Sarah Paino: Father of crash victim dismisses 'evade police' law changes as 'no deterrent'.


“These kids will just laugh at it, they laugh at the system now.”

By Edith Bevin

Bigger fines for police evaders will not act as a deterrent, according to the father of Hobart mother Sarah Paino, who lost his daughter more than a year ago when a car driven by a 15-year-old joyrider slammed into her vehicle.

Ms Paino, who would have been 26 this month, was killed in the collision with the stolen car being driven by the boy, who was trying to evade police at high speed in the CBD.

The Government has unveiled tough new laws designed to stop such a death happening again.

It is proposing a raft of law changes for police evaders, including raising the maximum jail term from one to two years, and increasing the maximum fine for a third offence to $38,500.

The proposals have been warmly welcomed by the police union, but Ms Paino’s family doubts they would work, and said the Government did not consult them.

Sarah’s father Michael said the minimum jail term for police evaders should be 10 years, and bigger fines were not the answer.

“Who’s going to pay, are these kids going to pay, they don’t have the money, they don’t have the means to pay this money,” he said.

“These kids will just laugh at it, they laugh at the system now.


“I’d like to see [the law changes] go a lot further.”

Mr Paino said law changes would not bring back children to parents, but deterring others was the main goal.

“[These proposed changes] are not going to deter the supidity of these people out there,” he said.

Mr Paino said he believed long jail sentences would work better.

“It you do the crime, you have to do the time,” he said.

“To me, it’s about taking these people off the street, in the sense that if they commit something like this, they are reprimanded in a way that will deter others.

“And that could be that it is jail, jail from day one, not jail after second and third offence.”

Mr Paino said he considered 10 years’ jail appropriate for those offenders who tried to escape from police.

The proposed law changes would increase the maximum fine for a first offence from a $7,700 fine to $15,400, with a maximum disqualification period rising from two years to three years, and a maximum jail time from one to two years.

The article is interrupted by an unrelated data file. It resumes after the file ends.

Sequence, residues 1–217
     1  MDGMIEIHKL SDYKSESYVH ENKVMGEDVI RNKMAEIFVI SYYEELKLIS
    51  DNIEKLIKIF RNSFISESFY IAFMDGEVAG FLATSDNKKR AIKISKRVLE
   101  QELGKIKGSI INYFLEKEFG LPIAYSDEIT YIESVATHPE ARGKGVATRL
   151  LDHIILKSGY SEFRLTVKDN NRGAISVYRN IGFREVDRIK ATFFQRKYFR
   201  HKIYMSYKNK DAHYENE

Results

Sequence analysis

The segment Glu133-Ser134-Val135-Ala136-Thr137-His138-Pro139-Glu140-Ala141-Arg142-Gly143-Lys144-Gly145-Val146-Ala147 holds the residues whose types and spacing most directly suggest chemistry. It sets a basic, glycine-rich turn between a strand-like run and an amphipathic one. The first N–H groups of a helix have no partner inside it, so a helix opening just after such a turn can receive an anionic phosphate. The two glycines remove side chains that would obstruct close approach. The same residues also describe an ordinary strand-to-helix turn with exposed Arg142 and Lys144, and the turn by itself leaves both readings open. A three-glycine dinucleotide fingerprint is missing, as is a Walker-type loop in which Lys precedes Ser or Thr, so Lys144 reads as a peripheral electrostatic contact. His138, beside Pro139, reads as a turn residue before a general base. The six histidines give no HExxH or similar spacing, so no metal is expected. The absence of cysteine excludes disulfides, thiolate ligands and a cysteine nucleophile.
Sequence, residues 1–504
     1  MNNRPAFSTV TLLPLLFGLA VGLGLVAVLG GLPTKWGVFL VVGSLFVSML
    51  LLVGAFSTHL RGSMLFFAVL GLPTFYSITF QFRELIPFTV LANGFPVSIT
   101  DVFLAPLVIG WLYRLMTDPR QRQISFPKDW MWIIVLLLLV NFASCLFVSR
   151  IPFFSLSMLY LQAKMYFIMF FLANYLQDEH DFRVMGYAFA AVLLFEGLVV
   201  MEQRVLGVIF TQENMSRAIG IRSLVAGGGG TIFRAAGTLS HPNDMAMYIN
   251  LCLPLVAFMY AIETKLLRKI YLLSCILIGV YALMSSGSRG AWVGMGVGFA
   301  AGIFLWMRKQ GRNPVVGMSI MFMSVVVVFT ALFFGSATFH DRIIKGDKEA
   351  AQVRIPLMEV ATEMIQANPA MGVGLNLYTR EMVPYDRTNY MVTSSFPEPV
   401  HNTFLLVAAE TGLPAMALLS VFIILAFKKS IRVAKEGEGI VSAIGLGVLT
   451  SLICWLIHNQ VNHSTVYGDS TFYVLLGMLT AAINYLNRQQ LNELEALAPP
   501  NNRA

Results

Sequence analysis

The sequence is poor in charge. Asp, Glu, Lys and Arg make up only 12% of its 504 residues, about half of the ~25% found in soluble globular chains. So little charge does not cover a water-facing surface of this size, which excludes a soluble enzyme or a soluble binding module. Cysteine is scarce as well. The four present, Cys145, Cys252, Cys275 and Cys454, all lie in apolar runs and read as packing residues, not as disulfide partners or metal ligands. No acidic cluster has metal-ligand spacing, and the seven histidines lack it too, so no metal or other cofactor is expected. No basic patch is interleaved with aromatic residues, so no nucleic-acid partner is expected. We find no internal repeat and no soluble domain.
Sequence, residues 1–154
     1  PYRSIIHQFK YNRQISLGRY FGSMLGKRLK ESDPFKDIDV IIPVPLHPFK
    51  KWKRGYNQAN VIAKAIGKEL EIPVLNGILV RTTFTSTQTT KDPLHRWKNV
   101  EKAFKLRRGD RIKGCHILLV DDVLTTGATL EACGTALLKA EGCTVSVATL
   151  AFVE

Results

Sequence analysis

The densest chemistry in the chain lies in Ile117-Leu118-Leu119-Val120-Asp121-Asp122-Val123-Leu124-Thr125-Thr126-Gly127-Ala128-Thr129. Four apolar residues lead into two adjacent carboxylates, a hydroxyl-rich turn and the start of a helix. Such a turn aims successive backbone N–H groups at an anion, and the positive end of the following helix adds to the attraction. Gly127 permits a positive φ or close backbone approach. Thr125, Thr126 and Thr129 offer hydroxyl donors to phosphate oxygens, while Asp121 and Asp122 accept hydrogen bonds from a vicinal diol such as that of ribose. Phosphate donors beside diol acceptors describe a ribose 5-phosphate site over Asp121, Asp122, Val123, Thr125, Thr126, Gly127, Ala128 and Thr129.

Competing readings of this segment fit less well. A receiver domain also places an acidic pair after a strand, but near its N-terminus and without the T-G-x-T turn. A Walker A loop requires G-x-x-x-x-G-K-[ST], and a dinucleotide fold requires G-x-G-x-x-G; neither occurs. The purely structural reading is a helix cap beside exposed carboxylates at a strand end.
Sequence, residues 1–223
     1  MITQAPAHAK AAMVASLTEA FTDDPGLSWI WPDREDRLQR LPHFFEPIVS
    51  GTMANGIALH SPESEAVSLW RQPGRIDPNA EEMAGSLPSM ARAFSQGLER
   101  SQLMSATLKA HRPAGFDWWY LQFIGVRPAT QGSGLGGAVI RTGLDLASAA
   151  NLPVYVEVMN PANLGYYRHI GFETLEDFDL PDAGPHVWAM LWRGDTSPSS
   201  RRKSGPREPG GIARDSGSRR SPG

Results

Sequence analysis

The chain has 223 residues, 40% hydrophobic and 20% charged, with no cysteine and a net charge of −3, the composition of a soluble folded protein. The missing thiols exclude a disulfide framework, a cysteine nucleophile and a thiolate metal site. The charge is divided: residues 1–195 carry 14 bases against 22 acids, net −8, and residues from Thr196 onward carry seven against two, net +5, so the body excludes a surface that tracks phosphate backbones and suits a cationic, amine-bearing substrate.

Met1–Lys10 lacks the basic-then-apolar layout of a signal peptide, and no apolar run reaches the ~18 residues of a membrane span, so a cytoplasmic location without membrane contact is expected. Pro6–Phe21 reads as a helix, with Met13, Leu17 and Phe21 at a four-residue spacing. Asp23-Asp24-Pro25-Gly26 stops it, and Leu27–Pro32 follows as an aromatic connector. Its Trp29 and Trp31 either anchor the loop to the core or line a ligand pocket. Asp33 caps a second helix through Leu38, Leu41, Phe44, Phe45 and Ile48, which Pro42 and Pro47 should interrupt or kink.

The penalties would increase for serial offenders, and for third and subsequent offences there would be a maximum fine of $38,500, with licence disqualification rising from two to five years, and jail time jumping from one to two years.


The law changes would also give police the power to arrest on reasonable grounds, meaning they would not have to catch the offender at the time and could arrest them up to 28 days later.

‘Epidemic on our hands’: Police Minister

The teen who killed Ms Paino had run a red light at speed, with the headlights of the stolen car he was driving turned off to evade police.

Ms Pain’s unborn child and two-year-old son survived the crash.

The teen was sentenced to five years detention for manslaughter.

The offender will be eligible for parole next year.

Ms Pain’s death shocked the community and lead to a push for a “Sarah Paino’s law” to deter joyriders.

Police Minister Rene Hidding said the Government had “an epidemic on our hands”.

“Just some years ago there were about 400 known evade police situations; currently we’re running at about 800 a year and that is an epidemic in law enforcement terms,” he said.

The Government said the evade police laws were just part of their plan to clamp down on reckless drivers.

The Sentencing Advisory Council is expected to report to the Attorney-General next month on its review of the current causing death by dangerous driving laws.

This post originally appeared on ABC News.

© 2017 Australian Broadcasting Corporation. All rights reserved. Read the ABC Disclaimer here